How to save money on copy editing #6: When to use capital letters
This is going to be short and sweet, because the basics of capitalisation are all most people have to know. Attending to these two points alone will save you money on copy editing.
In short, only use a capital letter for proper nouns. Proper nouns are the names of specific people, places and organisations, such as the Eiffel Tower, Tom, Auntie Gerry and Emu Creek.
We don’t allocate capital letters to non-specific nouns, such as (to use the examples above) tower, boy, auntie and creek. This is where lots of people get into trouble, particularly people writing their first business book, who feel the need to emphasise the Important Words in Their Industry or in a particular Sentence. (Note: the capitals in the previous sentence are examples of what not to do.)
As editors, examples we see all the time include people thinking that teachers or childcare workers or plumbers or doctors are not valued highly enough, so they take it upon themselves to, apparently, grant higher status by capitalising the words. But, guess what? It doesn’t automatically grant higher status, it just looks silly! (And, more importantly, makes your sentence harder to read.)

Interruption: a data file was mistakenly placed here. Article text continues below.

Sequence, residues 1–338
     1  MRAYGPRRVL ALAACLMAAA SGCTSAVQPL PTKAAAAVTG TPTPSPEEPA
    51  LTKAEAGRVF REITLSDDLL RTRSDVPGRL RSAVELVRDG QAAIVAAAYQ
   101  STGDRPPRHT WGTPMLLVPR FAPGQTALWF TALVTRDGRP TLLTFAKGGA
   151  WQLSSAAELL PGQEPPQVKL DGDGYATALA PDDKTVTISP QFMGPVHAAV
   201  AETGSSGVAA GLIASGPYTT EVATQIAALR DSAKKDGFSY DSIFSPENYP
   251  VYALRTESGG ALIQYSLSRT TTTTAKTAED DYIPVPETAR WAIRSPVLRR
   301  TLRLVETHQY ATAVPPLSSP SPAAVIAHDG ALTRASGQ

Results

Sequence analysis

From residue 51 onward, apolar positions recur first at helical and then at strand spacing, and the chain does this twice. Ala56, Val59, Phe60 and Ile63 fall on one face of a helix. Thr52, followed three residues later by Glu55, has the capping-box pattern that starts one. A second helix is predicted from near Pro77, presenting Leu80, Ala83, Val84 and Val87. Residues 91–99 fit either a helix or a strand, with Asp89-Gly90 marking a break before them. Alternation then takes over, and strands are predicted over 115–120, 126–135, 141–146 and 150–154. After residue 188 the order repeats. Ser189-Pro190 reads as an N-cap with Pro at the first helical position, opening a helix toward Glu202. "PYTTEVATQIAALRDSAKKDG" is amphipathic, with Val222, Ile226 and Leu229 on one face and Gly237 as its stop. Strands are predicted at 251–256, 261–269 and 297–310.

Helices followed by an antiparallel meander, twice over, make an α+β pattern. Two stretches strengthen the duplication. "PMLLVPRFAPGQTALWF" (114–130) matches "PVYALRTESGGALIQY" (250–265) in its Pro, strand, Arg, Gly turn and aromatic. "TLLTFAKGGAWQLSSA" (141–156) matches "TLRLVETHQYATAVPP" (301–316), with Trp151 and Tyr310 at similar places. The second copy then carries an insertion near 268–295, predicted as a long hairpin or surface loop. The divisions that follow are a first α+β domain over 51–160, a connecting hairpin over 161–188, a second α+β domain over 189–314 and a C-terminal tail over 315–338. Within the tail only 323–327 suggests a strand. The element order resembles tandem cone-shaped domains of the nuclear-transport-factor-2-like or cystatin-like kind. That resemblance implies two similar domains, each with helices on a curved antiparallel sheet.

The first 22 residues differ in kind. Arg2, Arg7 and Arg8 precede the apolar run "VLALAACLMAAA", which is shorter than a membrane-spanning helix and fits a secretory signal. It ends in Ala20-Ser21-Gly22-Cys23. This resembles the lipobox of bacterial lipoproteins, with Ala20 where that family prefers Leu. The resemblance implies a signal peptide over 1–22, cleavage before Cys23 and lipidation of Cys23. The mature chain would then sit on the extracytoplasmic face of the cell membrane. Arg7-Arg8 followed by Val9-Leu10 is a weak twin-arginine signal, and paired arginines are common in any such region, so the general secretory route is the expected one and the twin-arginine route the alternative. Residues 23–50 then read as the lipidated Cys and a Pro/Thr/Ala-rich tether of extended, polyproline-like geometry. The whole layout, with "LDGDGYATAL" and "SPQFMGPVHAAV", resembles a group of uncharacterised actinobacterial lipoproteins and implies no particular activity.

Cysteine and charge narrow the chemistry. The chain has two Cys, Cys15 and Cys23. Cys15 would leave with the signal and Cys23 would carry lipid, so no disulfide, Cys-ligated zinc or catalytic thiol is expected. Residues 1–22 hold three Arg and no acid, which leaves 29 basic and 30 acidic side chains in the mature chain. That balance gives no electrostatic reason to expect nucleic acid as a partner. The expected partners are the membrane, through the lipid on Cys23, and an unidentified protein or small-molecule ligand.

Ahhh, but what about ‘doctor’, I hear you say? Doctor takes a capital – think about Doctor Eillingham, Doctor Phil and Doctor Who.
Yep, you’re right. The doctors take capital letters as part of their proper name, just as mine would be Ms Ann Bolch. (Not ms Ann Bolch.)
The other area people in business tend to over capitalise is words that they believe need emphasising. An example:
‘The most important element of Business is Relationships.’
Nuh, it doesn’t work. To most of us this just looks like a company called Business is Relationships, which would be a good name for a company, no? Quick! Register it.
‘To be a Winner, you must Train Hard, Sleep Well and Show Up.’
This overly capitalised group of words is hard to read and sounds like you’re SHOUTING. In the past, capitals have been used to signify shouting; now that’s passé.
Instead of MAX CAPS for emphasis, try the softer italics. (Bold and underline are also considered uncool.)
May your words pour onto the page,